According to an AARP survey, the vast majority (77%) of people aged 50 and older wish to stay in their homes for the long term, and that number has remained consistent for decades. As is often the case, many seniors fear a loss of independence, higher costs of living, or simply making a big change late in life.
However, many people don’t know that a retirement community is entirely different from assisted living or a nursing home. Retirement communities, while they take many forms, offer lively and often low-cost living arrangements for seniors, providing them with social interaction, shared amenities, and low-maintenance lifestyles.
Here’s how retirement communities make life better for seniors and their families.
3. Maintenance-Free Living
Maintaining your home and yard can become demanding or even dangerous as you get older. Retirement communities often shoulder the day-to-day burdens of maintenance for their residents by providing lawn care services, home maintenance providers, and more.
In many ways, living in a retirement community is like having the benefits of a landlord and the independence of owning a home at the same time.
6. Financial Benefits
The average home in a retirement community costs roughly $2,500 per month, while average living costs in a normal home come in at over $5,100 per month. Not all of the difference can be covered by a retirement community, since you’ll retain some of your normal expenses. However, these communities often allow seniors to save money by consolidating common monthly expenses such as lawn care, home repair, home insurance, and utility costs.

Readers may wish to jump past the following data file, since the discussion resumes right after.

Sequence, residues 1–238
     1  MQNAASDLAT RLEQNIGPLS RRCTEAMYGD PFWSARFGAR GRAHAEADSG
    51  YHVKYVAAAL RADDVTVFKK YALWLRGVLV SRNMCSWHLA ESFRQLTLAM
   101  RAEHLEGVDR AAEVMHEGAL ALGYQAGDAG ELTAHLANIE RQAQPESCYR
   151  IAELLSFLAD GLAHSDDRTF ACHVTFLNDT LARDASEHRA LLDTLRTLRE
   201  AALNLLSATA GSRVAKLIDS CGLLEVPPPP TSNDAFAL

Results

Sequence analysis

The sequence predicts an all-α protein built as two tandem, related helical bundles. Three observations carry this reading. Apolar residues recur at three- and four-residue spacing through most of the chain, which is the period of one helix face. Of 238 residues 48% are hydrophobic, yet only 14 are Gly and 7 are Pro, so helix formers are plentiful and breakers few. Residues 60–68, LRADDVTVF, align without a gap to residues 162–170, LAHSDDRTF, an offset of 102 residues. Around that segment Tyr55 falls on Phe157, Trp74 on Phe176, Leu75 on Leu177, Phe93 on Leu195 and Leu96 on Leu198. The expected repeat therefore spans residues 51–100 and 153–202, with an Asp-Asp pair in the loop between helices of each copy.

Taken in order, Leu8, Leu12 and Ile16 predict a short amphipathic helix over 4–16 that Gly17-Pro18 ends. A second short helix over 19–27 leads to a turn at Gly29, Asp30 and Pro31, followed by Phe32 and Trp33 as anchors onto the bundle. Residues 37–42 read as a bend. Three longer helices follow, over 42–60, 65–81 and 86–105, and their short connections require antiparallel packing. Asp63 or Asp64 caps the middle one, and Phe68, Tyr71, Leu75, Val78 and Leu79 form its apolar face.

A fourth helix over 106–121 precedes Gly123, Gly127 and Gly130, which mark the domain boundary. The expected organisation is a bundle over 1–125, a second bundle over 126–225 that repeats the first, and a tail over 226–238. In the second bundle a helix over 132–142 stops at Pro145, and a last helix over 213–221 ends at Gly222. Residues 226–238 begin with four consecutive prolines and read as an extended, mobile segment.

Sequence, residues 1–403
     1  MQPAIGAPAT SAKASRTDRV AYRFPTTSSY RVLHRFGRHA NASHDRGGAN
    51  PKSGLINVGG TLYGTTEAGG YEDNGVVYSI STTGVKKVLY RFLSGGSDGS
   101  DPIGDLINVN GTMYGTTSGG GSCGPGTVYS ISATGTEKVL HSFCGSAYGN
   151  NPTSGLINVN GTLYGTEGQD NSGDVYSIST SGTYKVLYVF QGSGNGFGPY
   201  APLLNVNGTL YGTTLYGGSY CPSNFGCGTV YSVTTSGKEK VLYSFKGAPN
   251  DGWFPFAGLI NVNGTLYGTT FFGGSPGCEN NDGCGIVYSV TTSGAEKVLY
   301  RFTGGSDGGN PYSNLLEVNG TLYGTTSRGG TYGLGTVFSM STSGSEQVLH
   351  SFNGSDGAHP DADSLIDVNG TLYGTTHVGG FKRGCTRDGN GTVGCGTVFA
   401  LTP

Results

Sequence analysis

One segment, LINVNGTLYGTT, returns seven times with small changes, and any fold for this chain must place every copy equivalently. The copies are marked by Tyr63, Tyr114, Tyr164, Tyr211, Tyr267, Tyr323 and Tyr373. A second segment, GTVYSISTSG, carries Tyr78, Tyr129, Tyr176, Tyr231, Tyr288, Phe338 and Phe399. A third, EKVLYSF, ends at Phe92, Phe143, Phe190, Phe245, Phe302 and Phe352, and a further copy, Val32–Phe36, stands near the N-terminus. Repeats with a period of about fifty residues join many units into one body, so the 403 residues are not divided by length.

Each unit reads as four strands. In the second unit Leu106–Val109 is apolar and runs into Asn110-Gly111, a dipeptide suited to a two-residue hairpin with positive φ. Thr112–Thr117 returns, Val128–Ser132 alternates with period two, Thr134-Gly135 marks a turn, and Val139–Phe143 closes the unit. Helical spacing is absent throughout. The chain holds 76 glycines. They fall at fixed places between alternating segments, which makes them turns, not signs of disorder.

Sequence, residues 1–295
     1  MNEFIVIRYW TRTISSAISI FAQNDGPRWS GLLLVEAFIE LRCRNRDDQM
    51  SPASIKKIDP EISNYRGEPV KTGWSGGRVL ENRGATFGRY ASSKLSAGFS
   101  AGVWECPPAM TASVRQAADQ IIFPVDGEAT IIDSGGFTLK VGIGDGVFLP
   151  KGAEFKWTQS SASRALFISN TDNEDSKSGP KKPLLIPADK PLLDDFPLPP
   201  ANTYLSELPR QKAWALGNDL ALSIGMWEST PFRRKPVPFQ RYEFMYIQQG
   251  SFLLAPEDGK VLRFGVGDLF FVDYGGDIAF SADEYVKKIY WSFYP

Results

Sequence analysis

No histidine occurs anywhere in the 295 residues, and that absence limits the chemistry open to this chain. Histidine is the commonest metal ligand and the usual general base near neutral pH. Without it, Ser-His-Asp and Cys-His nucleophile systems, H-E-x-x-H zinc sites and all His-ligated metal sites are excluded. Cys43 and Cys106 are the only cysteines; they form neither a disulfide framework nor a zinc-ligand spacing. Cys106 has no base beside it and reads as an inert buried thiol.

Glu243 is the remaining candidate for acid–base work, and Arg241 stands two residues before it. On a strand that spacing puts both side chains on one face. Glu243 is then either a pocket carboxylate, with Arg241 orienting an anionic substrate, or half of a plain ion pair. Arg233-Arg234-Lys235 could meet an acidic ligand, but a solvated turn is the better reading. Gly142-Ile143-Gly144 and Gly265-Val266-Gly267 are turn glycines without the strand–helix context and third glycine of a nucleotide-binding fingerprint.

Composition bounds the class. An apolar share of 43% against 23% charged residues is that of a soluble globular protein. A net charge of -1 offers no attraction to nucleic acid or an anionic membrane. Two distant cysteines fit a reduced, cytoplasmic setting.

Additionally, some communities allow homeowners to keep the equity on their homes, just like in a normal housing situation, allowing them to recoup their investment if needed. Speak with a financial adviser about the terms of living in certain retirement communities to learn more about the potential financial benefits of making the move.
7. Caregiving (If Needed)
Continuing care retirement communities (CCRCs) can offer residents the benefits of assisted living care without eliminating the independence they might find living in a retirement community. CCRCs do this by putting residents on a sliding scale based on their care needs.
If you’re able to live independently, you can. However, this can change over time, at which point the community would offer services that match your needs, such as a live-in nurse, mobility assistance, or medication assistance.
You can even transition into housing that has more regular access to medical help within the CCRC, so that you never have to leave the community to receive care. This is one part of “escalated care,” a type of care model that changes how your living situation is managed at some retirement communities based on your specific needs.